Is anyone interested in making money anymore?
Slot machines don’t generate money… only customers do. Empty casinos don’t make a profit. Gaming is an extremely lucrative business but the focus on ancillary facilities, slot machine product, and on gross casino income has blurred our objective of providing a great casino experience for our customers. It will take a revolutionary re-orientation to focus the casino floor design on the customers - and start making money!
It takes serious study to determine what our customers want, and deliver it. Recently, a small group of futuristic thinkers related to the gaming industry gathered in a private meeting in Las Vegas to discuss and strategize about the future of the casino. Several of them are quoted in this article.
The ideas that were discussed ranged from the obvious to the radical. One of the things that was agreed upon by all: “The casino industry is not changing as quickly as the customer, the competition, and technology demands.”
Why do we spend so much money on all of these fantastic casino properties, and then leave the casino floor as an after-thought? While the casino floor is left unattractive, all the areas off the casino floor are in fact being made more enticing - designer restaurants, lavish showrooms, themed retail, spectacular hotel lobbies, gardens, and daylight. To a casual observer, it would appear that everything is intended to draw people away from the casino rather than to it. But it’s neither the restaurants nor the entertainment that we want to draw people to - it’s the gaming floor!
In fact, megaresorts on the Las Vegas Strip fail to lure their visitors to gamble in their casino areas. The Las Vegas Convention and Visitors Authority confirmed that in 2010 visitors spent less money and less time gambling and more money in shops. Meanwhile, the casino operators bragged, “More than half our revenue is non-gaming.” Or more accurately stated: “More than half our revenue has been shifted from a ‘high margin business’ to ‘marginal businesses.’” The casino projects allocated the least money (less than 5 percent) on and devoted the least attention to the casino floor, the place where most of the profits are generated.
“Look at the advertising casinos do,” one gaming executive said. “Most of it is for their entertainment - the least profitable portion of their business.” What makes the casino business different (and potentially much more profitable) than the hotel, shopping center, or theme park businesses? It’s the gaming.
But, tragically, casino design has been a “one-size-fits-all” venue. The casino itself, the place where all the money is made, is still nothing more than a nicely decorated box. “Although most of our profit is made on the casino floor, it typically doesn’t get as much design attention as a restaurant,” comments Jeff Livingston, former casino CEO.
Typically, the character of the casino is only the result of subjective personal preferences of the owner and/or the architect or interior designer. What is missing is a verifiable connection between the character of the casino and slot performance. No one seems to have asked: “How will this feel to players?”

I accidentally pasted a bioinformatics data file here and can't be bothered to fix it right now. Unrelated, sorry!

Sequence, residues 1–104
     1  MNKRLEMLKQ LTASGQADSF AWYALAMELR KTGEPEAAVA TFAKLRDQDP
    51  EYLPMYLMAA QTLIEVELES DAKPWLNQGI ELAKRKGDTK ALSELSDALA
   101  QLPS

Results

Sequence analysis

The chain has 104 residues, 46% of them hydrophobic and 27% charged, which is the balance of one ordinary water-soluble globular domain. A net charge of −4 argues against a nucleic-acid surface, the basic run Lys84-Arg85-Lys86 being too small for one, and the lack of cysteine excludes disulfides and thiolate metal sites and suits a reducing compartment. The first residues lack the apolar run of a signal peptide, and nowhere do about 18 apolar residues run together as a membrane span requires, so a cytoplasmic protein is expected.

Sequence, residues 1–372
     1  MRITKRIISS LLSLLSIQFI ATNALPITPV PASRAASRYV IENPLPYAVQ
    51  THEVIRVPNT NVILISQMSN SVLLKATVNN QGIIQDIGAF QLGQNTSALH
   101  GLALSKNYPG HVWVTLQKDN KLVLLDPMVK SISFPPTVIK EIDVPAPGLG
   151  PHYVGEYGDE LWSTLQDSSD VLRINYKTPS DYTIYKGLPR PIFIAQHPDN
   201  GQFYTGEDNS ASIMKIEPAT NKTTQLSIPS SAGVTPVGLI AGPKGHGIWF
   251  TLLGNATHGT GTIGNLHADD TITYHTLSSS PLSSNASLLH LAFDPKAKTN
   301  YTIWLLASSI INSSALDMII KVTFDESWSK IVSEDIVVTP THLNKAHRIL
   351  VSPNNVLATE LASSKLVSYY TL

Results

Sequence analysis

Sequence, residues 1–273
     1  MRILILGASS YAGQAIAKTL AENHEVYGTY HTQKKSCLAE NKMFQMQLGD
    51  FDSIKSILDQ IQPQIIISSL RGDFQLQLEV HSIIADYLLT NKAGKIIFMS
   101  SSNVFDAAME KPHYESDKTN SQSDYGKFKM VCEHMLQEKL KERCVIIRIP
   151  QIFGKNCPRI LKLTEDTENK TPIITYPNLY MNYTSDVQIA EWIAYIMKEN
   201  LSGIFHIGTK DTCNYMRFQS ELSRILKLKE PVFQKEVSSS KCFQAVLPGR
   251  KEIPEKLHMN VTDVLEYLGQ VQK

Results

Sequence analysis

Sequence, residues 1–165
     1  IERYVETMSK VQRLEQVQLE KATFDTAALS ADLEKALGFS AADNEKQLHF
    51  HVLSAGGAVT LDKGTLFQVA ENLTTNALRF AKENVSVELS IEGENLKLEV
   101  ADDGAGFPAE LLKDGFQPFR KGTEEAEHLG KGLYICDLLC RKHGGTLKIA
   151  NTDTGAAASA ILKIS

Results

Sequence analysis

“Many casinos simply aren’t listening to their players and don’t know what they want,” says Glenn Goulet, president of Gaming Strategies + Insights.
The majority of the casino’s best customers, the ones who provide most of the gaming revenue, are over 55 years old. Unfortunately, most casino floors are not designed with them in mind. Here are some other examples of where the link between casino design and functionality has been lacking of late:
• Copycats - Too often, rather than try new ideas, casino managers and executives feel safer copying old ideas, even if they are bad ones. One example is the “Center Bar” at the Hard Rock Hotel & Casino Las Vegas, which has never effectively supported casino play. Somehow, it got immortalized and copied in casinos coast to coast. The concept initially sounds good: to put all the fun and action right up front and in the middle. It may actually be exciting on Friday and Saturday nights – but 95 percent of the time it is a deserted area that gives the initial impression of an empty casino.
• Stagnation is not a great business strategy - The casino itself hasn’t changed much in 60 years. Yes, the dimly lighted gambling halls with mirrored walls, no clocks, and no apparent exits have improved, but not much. In most casinos the room still hasn’t benefitted from real creative thought. It hasn’t become customer friendly, and in most cases, if the guest was taken into a casino blindfolded, when they open their eyes they would not be able to tell one from another.
• Casino design is still in the dark - Casinos and Dracula have something in common: they both go out of their way to avoid daylight. Daylight in fact is an essential human need. It is “restorative.” It wakes us up; it makes us feel better. It’s biological. Why force people to leave the casino to enjoy it?